Here’s What an $8,000 Electric Car Would Be Like
Once upon a time, there was a small car company in America that promised a fantastically economical car at stunningly low prices. It wasn’t exactly a car — it was more like a tube with three wheels — but consumers seemed ready to compromise. After all, it claimed to achieve 84 MPG and would cost $7,000. The year was 2013, and anything seemed possible.
Four years later, the story of Elio Motors is a bit of a bore. It now has the theoretical price of $7,300 and remains in limbo. Meanwhile, Hyundai is prepping a hybrid that gets 60 MPG in the city and an EV that tops 130 MPGe for 2017 release. (These four-door sedans also have trunks and do not require a motorcycle license.) Over in France, Renault says it has an $8,000 car in the works, Autocar reports. This car is a pure electric vehicle coming from the segment’s all-time top seller.
In other words, the goal posts for economical cars continue to move, and we can’t find anything that compares with a new EV under $10,000. But we would like to know what such a car would be like. A few years from now, it might be the thing we believed Elio could be, minus the emissions.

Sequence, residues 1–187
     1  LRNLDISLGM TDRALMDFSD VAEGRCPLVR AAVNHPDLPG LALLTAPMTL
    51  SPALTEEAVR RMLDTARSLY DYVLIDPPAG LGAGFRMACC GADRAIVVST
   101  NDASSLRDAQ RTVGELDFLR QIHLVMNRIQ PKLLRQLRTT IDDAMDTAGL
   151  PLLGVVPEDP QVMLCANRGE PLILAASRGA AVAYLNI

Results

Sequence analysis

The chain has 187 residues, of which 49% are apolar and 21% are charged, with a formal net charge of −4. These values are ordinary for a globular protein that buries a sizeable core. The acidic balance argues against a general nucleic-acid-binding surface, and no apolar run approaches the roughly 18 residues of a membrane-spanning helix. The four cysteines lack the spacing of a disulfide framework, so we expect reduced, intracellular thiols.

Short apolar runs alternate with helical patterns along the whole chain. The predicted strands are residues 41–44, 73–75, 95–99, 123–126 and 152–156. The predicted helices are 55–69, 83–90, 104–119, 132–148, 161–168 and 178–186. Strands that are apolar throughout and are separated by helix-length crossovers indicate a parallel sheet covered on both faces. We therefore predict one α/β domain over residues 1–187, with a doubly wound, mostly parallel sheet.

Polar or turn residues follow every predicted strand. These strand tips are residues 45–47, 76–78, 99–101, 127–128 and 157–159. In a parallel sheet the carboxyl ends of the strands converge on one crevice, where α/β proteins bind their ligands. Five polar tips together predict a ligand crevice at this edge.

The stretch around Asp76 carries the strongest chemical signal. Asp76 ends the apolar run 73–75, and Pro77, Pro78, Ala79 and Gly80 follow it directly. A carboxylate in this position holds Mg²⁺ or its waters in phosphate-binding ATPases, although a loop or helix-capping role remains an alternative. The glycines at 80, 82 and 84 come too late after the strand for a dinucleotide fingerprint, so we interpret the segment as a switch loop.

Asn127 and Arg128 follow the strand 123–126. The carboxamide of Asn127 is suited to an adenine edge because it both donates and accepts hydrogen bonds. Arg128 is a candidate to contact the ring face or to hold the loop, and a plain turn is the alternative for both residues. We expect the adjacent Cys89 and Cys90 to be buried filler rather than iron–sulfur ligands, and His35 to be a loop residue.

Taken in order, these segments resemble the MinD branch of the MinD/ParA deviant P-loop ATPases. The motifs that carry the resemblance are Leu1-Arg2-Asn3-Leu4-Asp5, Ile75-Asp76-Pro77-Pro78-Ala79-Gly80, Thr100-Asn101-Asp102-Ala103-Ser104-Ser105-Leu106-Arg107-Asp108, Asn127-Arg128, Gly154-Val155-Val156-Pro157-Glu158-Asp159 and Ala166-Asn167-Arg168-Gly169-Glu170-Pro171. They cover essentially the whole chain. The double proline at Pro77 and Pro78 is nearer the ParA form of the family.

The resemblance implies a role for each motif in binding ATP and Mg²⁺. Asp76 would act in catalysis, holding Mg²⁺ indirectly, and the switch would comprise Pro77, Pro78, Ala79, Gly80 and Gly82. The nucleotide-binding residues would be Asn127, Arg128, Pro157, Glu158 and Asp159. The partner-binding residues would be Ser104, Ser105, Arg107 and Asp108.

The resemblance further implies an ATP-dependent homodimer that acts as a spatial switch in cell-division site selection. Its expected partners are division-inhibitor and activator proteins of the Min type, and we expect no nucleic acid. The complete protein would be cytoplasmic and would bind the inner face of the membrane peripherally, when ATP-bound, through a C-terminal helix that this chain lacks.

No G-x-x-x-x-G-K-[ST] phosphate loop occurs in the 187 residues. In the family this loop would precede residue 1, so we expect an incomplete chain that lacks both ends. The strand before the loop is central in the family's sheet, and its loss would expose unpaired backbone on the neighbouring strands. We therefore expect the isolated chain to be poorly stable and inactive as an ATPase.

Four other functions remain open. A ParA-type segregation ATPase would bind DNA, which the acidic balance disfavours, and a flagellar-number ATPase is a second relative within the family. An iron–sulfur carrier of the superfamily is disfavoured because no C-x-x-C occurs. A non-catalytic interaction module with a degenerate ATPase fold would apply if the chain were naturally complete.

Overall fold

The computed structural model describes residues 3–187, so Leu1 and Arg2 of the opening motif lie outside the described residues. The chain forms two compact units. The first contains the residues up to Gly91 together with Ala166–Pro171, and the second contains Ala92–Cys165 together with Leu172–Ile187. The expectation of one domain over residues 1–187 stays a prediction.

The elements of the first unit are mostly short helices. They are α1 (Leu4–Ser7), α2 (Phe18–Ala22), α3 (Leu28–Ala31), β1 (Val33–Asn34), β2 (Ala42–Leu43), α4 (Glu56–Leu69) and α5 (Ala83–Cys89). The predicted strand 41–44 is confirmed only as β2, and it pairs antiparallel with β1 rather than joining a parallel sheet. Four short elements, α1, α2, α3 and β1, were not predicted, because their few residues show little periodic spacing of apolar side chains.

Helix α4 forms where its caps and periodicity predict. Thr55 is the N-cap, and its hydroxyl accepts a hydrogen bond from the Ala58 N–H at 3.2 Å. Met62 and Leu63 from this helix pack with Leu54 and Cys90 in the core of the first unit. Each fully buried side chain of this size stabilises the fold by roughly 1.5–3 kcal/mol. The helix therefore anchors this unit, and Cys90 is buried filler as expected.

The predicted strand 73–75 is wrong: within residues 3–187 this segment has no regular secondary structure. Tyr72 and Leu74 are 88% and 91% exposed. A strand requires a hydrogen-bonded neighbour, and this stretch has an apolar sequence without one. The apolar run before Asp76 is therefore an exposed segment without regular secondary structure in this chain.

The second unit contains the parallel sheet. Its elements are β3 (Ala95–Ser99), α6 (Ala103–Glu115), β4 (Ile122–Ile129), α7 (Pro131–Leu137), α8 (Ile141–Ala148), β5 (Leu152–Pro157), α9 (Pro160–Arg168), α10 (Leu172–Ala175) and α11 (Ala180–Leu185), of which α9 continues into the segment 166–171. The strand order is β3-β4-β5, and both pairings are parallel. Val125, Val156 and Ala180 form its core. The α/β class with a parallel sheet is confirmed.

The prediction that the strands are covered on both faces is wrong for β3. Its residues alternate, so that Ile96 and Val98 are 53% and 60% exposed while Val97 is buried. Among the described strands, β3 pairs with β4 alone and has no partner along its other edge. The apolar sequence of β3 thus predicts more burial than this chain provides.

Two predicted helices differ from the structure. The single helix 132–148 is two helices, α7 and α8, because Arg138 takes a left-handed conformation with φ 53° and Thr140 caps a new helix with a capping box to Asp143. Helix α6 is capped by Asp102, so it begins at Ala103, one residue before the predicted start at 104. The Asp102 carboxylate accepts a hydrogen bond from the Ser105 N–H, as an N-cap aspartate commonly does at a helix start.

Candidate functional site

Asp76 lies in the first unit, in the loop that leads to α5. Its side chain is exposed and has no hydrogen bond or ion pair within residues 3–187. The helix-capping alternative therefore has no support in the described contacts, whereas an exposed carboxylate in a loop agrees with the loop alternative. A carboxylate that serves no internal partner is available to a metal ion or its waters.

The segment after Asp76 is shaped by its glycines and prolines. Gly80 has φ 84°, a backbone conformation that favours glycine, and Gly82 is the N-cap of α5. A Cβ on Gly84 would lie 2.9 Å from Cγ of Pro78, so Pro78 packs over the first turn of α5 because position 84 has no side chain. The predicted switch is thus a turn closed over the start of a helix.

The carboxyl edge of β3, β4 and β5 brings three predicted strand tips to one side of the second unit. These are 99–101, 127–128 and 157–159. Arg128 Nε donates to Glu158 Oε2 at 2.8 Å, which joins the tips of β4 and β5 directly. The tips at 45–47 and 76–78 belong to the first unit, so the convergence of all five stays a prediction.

A good starting point is Renault ZOE, the compact EV now on sale around the globe (though not in the U.S.). ZOE achieves about 186 miles per charge in its latest, best iteration. However, any EV that undercuts the majority of the auto market would have to be limited to 125 miles or so, we imagine. Otherwise, battery costs would drive up the sticker price.
As far as performance is concerned, ZOE delivers about 75 horsepower and 150 pound-feet of torque, making it a car built for the city. However, the low-priced model in development will be able to handle highway driving, regardless of its specs. Currently, French consumers can get a new ZOE for as little as $155 per month, so the price is not far-fetched, even for 2017.
According to a Renault-Nissan spokesman, the target market for the $8,000 EV is China, where government subsidies and runaway air pollution in cities create a higher demand for plug-ins. The automaker has not scheduled production yet, but Autocar said the company considers the car “highly likely” to start rolling off the line in China sometime in the next few years.
In fact, China already has dirt-cheap electric vehicles on the road. Roewe, a Chinese brand that makes electric compacts, offered its e50 for about $12,000 after incentives starting in 2013. That price matched the cost of mini cars like the ones Smart produces for the American market. (A Smart Electric Drive starts around $25,000 before incentives in the U.S.)
The e50 offers about 70 horses and 114 pound-feet of torque plus 120 miles of range. With advances in battery technology and electric motor production, Renault can likely top these specs, especially with respect to performance. Meanwhile, its price would fall below what Roewe offered several years ago.
If the past dictates what Renault’s cheap EV could offer for the Chinese market, we expect to see a winning vehicle coming down the road. Hopefully, Elio can deliver its three-wheeler in America by then. But we won’t hold our breath. Or get our crash helmets ready.